#Beijing25 || Viewpoint: Pramila, the structural roots of women’s poverty


The winner of Viewpoint, an essay contest to commemorate 25 years of Beijing Platform for Action, was this essay by Berneth Pramila

Poverty can be understood as scarcity of money. A woman’s poverty is a state when she cannot afford to earn money for livelihood. The structural roots leading to such a status can be unemployment which leads us to uneducated or under-educated women. This maybe followed by early marriage of girls, several child births, unequal treatment by the husband and his family in financial decisions, threat and harassment regarding her employment at the workplace, pay gaps, inequality of representation in decision making boards, committees, institutions, and even in parliament.

The socio-economic-political, religious, and cultural beliefs, norms and sanctions that are predominantly developed and maintained by the male population play a key role in sustaining women in the poverty state. A girl child is treated secondary and ignored against the male child in all aspects including nutrition, education, and property rights. She is rarely introduced to reasoning, thinking, decision-making, and qualities that will groom her into a potential, capable, and independent human being; especially economic independence is almost never taught or developed in the girl child. She is thus always a dependent on others at all stages of her life.

Even though culturally and religiously a woman still faces the threat of poverty, nowadays there are many changes taking place in socio-economic and political arenas due to globalisation. Education is the key factor for women’s employment and self-awareness. Technological progress and its availability also have created tremendous awareness in women about other pioneering women that are independent, prosperous, and self-deciding.

Realization and acknowledging by families, particularly by men, that women are equals and partners by birth and in life, might bring about much more development and progress in alleviating and chopping off these structural roots of women’s poverty. The government and policy makers need to play a pivotal role in introducing and implementing programs and laws that bring about awareness, upliftment, and societal change in the status of women. This also will have a much broader reach for women in remote and tribal areas.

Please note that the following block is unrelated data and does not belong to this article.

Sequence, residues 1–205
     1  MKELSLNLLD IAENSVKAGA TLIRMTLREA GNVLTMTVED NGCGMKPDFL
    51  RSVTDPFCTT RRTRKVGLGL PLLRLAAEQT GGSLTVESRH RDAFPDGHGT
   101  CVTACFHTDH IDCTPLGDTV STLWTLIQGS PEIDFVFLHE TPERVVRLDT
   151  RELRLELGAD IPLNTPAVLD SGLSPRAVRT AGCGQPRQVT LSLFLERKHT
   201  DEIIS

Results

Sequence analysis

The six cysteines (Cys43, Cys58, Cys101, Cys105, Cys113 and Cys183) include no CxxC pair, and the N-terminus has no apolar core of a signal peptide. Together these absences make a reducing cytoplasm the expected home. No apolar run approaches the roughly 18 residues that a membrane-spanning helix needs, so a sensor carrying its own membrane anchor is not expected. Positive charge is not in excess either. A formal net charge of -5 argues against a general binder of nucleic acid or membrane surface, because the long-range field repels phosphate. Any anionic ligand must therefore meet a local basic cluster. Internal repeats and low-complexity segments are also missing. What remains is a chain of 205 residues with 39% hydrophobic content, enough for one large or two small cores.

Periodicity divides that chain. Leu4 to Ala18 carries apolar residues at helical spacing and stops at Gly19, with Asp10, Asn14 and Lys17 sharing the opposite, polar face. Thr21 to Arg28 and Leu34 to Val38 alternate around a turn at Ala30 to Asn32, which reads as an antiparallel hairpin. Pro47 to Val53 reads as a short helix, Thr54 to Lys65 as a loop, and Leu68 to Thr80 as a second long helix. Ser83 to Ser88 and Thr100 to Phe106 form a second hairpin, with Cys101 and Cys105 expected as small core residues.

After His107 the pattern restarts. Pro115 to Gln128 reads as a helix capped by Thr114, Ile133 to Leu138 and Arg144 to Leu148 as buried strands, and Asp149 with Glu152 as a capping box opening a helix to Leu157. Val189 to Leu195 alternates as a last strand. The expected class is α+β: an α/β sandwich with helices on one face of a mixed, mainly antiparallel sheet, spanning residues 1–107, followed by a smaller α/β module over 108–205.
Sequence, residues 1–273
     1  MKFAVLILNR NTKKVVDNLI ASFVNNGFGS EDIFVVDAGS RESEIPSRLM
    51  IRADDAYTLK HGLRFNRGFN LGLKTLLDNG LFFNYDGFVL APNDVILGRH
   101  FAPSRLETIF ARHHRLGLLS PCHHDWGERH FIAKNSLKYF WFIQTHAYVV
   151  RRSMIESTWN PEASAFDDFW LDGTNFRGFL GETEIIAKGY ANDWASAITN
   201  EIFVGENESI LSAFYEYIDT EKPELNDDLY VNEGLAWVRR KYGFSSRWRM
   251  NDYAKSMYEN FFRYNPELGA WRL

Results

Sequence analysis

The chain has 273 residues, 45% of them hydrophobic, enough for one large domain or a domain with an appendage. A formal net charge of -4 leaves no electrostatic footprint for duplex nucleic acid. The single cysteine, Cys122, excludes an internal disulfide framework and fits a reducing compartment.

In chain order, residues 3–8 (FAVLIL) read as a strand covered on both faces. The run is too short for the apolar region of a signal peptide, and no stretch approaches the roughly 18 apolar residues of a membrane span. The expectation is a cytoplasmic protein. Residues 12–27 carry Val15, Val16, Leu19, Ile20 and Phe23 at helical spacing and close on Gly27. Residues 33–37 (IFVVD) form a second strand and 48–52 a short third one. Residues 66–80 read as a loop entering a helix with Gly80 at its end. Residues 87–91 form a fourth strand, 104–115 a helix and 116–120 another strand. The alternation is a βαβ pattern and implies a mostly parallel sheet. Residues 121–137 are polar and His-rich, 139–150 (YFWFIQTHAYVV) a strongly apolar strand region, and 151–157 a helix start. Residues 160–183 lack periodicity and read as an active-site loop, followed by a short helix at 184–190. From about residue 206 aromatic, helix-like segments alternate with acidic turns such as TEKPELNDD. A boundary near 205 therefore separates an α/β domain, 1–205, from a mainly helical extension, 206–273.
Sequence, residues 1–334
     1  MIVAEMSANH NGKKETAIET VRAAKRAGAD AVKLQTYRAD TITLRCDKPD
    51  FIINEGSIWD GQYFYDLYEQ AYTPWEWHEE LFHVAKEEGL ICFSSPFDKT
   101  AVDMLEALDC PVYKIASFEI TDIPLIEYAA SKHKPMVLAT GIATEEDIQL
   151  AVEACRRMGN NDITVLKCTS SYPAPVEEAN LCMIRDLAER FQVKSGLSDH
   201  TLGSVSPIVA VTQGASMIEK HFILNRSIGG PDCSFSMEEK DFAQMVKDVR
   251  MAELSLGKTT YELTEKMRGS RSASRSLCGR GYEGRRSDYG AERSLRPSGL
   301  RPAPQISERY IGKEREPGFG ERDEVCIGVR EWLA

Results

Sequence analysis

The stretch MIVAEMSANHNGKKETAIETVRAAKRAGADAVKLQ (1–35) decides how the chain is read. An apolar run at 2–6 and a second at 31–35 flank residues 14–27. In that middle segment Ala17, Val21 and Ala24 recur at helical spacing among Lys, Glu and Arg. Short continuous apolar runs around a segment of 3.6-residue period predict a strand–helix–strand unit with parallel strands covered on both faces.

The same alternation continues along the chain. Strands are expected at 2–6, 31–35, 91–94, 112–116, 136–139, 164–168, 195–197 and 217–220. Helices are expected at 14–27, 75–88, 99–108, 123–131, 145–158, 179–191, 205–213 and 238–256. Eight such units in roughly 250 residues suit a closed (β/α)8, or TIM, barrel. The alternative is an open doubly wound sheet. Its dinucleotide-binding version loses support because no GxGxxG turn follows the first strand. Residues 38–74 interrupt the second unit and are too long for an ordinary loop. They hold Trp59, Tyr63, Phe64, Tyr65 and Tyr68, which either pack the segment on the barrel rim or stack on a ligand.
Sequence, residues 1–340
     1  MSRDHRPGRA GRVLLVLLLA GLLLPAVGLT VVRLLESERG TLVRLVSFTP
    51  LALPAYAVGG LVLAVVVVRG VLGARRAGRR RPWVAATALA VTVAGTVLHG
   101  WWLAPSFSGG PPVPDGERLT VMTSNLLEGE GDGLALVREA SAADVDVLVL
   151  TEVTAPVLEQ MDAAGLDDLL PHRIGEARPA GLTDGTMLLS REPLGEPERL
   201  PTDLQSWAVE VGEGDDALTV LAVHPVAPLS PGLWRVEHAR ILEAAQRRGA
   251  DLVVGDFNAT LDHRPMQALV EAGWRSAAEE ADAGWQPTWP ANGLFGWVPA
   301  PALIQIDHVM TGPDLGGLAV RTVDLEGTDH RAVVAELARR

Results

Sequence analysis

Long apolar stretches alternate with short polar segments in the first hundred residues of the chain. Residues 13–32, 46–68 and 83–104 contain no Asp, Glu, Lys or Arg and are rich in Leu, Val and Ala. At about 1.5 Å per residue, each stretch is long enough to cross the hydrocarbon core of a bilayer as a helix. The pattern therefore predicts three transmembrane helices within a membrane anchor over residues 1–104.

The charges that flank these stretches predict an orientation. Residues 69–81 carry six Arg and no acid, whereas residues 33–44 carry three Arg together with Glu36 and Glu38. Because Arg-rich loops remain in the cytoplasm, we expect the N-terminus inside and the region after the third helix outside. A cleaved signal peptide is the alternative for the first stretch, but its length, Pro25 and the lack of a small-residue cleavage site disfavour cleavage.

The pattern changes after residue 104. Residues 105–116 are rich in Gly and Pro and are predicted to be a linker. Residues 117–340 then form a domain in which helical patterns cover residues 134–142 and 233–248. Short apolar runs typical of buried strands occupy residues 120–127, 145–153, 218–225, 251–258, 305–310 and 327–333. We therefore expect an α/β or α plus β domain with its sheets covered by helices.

In the news: “Are Women Children Of A Lesser God “


Ragini Nayak “Are Women Children of A Lesser God”, The Hindu, May 2, 2010

“What is the worth of a woman’s work in terms of monetary outcome? Is it on a par with her male counterpart?

The Human Development Report 2000 says that women constitute half of the world’s population, perform a two-thirds of work hours, get one-tenth of the world’s income and less than a one-hundredth of the world’s property.

From daily wagers to lawn-tennis grand slam winners, women are being paid less than men for the same or similar work. Women remain the weaker sex with respect to pay-cheques and employment opportunities.

A major contention often raised is: if women’s work is usually of equal value, why are employers not slashing their payroll costs by hiring women instead of men? If they are paying men more than women in a free market, there must be a reason. Conversely, it is argued that equal pay for women is not just an issue regarding pay/wages inequality between men and women but it reflects upon the social, cultural and political perception of women as being physically and intellectually inferior to men.

Let us realise that a comprehensive effort has to be made to subvert the male perception of women’s economic worth and initiate the use of job classifications established on the basis of the work actually performed and the value of the work using objective criteria unrelated to the worker’s sex.”